Concern over 'fake' drink driving tests recorded by Irish police
Almost one million drink-driving tests recorded by police in the Republic of Ireland did not actually take place, the Irish Labour Party leader has said.
Brendan Howlin called for the head of the force to be replaced after officers admitted to a data "discrepancy".
Senior Gardaí (police) conceded it was likely some of the 937,000 non-existent tests were simply made up by officers.
In addition, they have admitted a separate error that caused almost 15,000 wrongful traffic convictions.
Gardaí have apologised to those affected, but fixing that mistake alone could cost Irish taxpayers millions of euros.
Minister for Justice, Frances Fitzgerald, said the scale of the error was "appalling and staggering".
The details of both problems were released by senior officers on Thursday, when a lot of media attention was being devoted to the Westminster attack and the funeral of Sinn Féin's Martin McGuinness.
The force revealed that about 14,700 people had been prosecuted without a fixed-charge notice first being issued - which was required to bring them before the courts.
Officers now have to appeal all those convictions; have the court-imposed penalties removed; and the state has to cover all costs.
The head of An Garda Síochána (Irish police force), Noirín O'Sullivan, is coming under pressure to explain the mistakes and false breath tests data.
She was already facing questions over her leadership because of allegations of a smear campaign against a whistleblower, Sgt Maurice McCabe.
Sgt McCabe was one of two officers who raised concerns years ago about the alleged deletion of penalty points from the driving licences of well-connected offenders.
The leader of the Labour Party said the latest controversies were "beyond belief" and had seriously undermined trust in An Garda Síochána.
Speaking to broadcaster RTÉ, Mr Howlin set out his two main concerns: "One, that almost one million breath tests were taken and logged but never happened; and secondly, 15,000 convictions, people prosecuted in court, that should not have happened.
"For every actual breath test that took place, a second in statistical terms was actually recorded as having taken place and that didn't happen at all."
Mr Howlin added: "It beggars belief that could happen and there is no answer to it."
"This is not an error," he claimed. "You can't manufacture things that didn't happen and say it's an error."
Jim O'Callaghan, justice spokesman for the main opposition party, Fianna Fáil, described the situation as "scandalous" and said it was "damaging the credibility of An Garda Síochána".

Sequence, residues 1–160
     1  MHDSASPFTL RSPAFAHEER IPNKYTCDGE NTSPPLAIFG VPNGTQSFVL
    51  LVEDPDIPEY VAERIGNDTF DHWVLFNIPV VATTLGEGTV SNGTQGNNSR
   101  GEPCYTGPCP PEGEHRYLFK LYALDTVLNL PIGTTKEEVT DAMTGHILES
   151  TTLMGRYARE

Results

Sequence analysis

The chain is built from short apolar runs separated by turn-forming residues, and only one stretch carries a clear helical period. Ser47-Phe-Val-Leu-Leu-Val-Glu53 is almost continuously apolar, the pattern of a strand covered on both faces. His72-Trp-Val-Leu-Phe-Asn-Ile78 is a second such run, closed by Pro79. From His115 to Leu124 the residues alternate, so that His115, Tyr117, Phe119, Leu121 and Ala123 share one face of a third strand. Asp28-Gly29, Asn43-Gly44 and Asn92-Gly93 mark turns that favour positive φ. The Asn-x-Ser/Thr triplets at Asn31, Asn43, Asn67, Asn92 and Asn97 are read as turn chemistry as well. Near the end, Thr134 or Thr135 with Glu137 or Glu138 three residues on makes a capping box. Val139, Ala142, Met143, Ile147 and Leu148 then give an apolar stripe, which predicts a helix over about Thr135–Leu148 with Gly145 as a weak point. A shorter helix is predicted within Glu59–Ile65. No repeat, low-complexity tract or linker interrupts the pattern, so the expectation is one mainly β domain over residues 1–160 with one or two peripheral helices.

He said his confidence in Ms O'Sullivan will not be assured unless an adequate explanation is given.
In their statement on Thursday, An Garda Síochána said a review of its breath tests data was carried out after concerns were raised in 2015.
Data recorded on the Garda computer system - known as Pulse - was compared against data recorded by the Medical Bureau of Road Safety and a "significant deficit" was identified.
'Questions of integrity'
Officers said the Pulse system recorded 1,995,369 breath tests while the Medical Bureau of Road Safety Data recorded only 1,058,157 tests over the same period.
"There is no one single reason that may account for the discrepancy," the Garda statement said.
It is not the first time in recent months that Garda figures have been dismissed as lacking credibility and trust.
Last September, the Central Statistics Office said that up to one in six crimes were not being recorded by Gardaí on their Pulse computer system, which meant - either intentionally or unintentionally - inflating their crime detection rate.
The Policing Authority, an independent body that oversees the performance of An Garda Síochána said this latest controversy over figures "is not just an academic statistical matter, it is an ethical one".
It also said the controversy "raises serious questions of integrity" for the force.
Child abuse smear
In 2012, Sgt Maurice McCabe was banned from using the Pulse computer system after he accessed records of penalty point cases.
Last month, it emerged under parliamentary privilege that senior Garda officers are accused of spreading a false smear that Sgt McCabe had been liked to a case of child sex abuse.
Commissioner O'Sullivan strongly denies allegations that she was involved in any smear against him.
The accusation against her force is now the subject of a public inquiry, headed by the Supreme Court judge, Peter Charleton.